I did a panel this morning at 8:00 am and thought I had seen it all. Now, I come to find out that you people will even attend a panel discussion like this late on a hot Sunday afternoon. Now I really have seen it all.
I always learn a great deal by speaking on panels like this, and I think I'm definitely getting the best of you here. I know that I'm going to learn more than I share today.
As you heard, I am the Editor of Privacilla.org, which is a Web-based think-tank devoted to privacy. I am also an Adjunct Fellow at The Progress & Freedom Foundation. And, in addition, I have a lobbying and consulting firm called PolicyCounsel.Com. None of my clients has specific privacy issues, but privacy touches nearly every public policy issue in one way or another. None of the material on Privacilla and none of what I say to you represents the views of any client, but be aware of my potential for bias, as you would be with any privacy advocate.
At Privacilla, we try to sort out the issues that, in public debate, go under the name of “privacy.” We have put forward a definition of privacy so that policymakers can better address the issue directly and determine what interests they are pursuing with various proposals.
The word “privacy” has come to be used to describe just about every concern with the modern world. That’s fine for regular people, but when we as policymakers address these concerns, we need to be a little more precise.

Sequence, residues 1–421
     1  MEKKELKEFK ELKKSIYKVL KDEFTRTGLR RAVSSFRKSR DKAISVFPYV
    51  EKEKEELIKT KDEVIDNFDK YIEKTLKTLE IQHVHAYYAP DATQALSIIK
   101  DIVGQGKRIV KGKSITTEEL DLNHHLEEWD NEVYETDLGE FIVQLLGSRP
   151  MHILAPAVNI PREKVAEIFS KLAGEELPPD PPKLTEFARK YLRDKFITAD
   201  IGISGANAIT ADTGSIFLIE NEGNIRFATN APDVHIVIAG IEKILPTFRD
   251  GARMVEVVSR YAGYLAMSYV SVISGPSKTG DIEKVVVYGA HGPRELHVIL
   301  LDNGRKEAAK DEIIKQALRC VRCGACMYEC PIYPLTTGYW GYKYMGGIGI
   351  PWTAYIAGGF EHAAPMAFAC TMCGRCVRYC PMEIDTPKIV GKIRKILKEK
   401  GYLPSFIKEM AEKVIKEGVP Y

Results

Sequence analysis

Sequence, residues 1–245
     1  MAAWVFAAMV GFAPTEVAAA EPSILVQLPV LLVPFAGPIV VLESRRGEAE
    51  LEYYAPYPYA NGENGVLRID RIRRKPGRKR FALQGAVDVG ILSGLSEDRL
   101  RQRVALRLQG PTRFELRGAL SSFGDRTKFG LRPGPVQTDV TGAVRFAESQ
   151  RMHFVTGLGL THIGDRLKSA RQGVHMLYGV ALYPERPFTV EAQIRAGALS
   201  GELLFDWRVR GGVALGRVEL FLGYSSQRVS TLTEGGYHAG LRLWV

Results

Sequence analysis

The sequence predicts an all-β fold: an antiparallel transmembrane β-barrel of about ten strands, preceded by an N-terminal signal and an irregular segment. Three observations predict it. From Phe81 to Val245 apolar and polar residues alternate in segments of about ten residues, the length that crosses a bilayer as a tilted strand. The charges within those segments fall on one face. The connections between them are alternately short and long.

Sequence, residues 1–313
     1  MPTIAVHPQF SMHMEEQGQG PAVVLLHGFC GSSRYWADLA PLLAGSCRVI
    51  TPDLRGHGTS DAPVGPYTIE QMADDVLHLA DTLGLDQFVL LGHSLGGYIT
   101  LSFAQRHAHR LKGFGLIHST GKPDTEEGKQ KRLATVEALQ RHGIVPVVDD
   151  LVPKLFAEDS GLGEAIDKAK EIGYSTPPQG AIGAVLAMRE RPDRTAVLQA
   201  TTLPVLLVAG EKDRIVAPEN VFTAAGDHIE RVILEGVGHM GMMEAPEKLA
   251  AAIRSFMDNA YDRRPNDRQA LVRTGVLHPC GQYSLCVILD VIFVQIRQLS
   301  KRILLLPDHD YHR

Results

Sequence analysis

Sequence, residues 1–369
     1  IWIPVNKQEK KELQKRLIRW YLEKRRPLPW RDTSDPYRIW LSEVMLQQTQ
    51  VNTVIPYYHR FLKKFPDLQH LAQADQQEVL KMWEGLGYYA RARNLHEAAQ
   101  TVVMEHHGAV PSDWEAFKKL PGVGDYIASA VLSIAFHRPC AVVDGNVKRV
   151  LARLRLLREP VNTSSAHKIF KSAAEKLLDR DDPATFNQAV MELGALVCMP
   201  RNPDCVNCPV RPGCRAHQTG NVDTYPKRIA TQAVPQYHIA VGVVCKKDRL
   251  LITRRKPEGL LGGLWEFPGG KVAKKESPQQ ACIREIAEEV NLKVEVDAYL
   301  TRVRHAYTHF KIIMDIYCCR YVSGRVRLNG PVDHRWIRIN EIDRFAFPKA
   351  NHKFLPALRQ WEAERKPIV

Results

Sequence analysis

At Privacilla, we have developed a working definition of privacy that we believe should form the basis of policy discussions on the topic: Privacy is a subjective condition that individuals enjoy when two factors are in place — legal ability to control information about oneself, and exercise of that control consistent with one's interests and values.
Most importantly, privacy is a personal, subjective condition. I know that in a roomful of lawyers, I don’t have to tell you what “subjective” means. It means that my sense of privacy is my own, and yours is yours. Legislators and regulators can’t pass laws to tell us we have privacy when we think we don’t. Those laws can only represent guesses about what privacy might look like.
The first factor I mentioned is the legal power to control information. This essentially asks whether people have been deprived of power to control information in some way. There are thousands of laws and regulations that deprive people of power over information about themselves. Let there be no mistake about the good intentions of these laws. Unfortunately, there is a nearly direct correlation between how helpful a law is intended to be and how privacy-invasive it is.